JOHNSON, Vt. — Gilles Gentley works alongside students every day seeking addiction treatment, helping them restore relationships through the grace of God.
As an admission coordinator at Teen Challenge Vermont, he fulfills one of the program’s motivating mottos and assists addicts forging a new path down the road to recovery.
“Hope lives here, freedom is found here, and changed lives leave here,” reads one of the many inspirational quotes scrolled across the organization’s website.
Gentley, 37, travels to high schools all over New England and New York with a group of students enrolled in the treatment program.
Together they present the Making Good Decisions course, designed to remind teenagers there is no gray area when it comes to drugs and alcohol.
“Make decisions today that you can live with tomorrow,” they say.
HELP FOR ALL AGES
Newly enrolled students seeking treatment in the Teen Challenge program also share important messages of faith and hope with local church congregations.
“When you come into the program, you are part of the choir ministry (that) travels around to various churches, and (you) sing songs and talk about what God has done in your life,” Gentley said. “They have traveled everywhere.”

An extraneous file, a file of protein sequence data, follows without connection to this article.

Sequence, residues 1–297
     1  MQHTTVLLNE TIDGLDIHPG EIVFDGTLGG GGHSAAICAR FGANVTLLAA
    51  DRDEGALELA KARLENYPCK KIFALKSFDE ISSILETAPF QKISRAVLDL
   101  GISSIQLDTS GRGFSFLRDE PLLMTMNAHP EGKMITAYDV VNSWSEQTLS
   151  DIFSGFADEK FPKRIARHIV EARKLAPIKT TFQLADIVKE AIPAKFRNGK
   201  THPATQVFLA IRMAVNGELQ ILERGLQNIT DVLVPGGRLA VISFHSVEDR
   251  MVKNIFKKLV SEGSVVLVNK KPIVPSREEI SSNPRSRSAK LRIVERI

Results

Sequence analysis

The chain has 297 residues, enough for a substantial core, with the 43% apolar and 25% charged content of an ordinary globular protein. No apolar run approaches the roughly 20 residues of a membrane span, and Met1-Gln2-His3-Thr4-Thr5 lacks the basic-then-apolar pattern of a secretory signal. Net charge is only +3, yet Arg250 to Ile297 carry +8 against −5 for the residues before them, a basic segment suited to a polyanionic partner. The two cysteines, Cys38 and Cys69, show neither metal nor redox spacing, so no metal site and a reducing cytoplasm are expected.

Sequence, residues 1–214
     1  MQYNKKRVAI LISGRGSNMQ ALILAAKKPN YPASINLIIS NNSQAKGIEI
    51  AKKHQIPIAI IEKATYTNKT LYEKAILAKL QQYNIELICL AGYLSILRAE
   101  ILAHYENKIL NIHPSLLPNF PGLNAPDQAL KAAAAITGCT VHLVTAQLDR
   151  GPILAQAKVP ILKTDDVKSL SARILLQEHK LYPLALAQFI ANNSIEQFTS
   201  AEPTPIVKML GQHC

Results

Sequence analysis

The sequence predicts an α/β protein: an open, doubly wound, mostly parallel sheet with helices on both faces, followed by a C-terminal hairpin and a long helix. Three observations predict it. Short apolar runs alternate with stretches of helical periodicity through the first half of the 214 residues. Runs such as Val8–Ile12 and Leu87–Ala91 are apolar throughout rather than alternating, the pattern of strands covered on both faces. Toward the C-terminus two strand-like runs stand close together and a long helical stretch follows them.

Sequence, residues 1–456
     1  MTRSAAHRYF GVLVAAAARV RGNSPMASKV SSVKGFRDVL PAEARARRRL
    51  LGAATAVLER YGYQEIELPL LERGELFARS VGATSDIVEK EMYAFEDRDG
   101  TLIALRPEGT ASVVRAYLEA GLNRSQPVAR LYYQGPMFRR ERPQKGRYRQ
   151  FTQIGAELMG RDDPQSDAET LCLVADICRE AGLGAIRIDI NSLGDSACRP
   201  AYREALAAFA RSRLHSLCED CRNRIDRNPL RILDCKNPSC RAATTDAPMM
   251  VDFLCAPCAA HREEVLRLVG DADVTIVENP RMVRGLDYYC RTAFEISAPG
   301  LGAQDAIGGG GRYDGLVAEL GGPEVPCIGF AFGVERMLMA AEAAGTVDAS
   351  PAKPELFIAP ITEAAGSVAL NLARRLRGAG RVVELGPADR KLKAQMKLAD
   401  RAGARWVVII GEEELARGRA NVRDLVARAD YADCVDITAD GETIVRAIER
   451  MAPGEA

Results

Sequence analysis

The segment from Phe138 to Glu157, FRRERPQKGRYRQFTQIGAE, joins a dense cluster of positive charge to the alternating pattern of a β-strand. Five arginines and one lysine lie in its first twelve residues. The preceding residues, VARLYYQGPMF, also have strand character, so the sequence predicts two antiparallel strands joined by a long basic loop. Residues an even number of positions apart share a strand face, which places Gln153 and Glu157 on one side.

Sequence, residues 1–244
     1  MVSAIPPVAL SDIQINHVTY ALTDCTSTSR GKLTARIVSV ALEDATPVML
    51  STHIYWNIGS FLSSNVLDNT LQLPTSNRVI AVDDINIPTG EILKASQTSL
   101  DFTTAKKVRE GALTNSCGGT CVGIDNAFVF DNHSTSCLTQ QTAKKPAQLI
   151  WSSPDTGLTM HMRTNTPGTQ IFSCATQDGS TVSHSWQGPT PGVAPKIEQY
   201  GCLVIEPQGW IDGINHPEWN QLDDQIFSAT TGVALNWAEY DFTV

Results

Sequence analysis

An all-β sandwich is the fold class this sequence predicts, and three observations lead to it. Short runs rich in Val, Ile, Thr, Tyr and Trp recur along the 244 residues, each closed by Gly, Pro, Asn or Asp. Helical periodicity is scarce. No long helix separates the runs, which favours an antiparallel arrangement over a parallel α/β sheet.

For the past seven years at the Johnson, Vt., campus, Teen Challenge advisers such as Gentley have welcomed men age 18 and older, helping them get their lives back on track after battling with addiction.
The residential, faith-based drug and alcohol program is available not only in Johnson — the center closest to the North Country — but also throughout the country. About 200 recovery homes for people of all ages, along with community-outreach programs for children and youth, are in operation nationwide, according to the Teen Challenge website.
The Brooklyn-based program was established on a national level in 1958 by the Rev. David Wilkerson, founding pastor of Times Square Church in New York City. It is one of the oldest and largest addiction-treatment programs in the country, providing intensive help with life-controlling problems.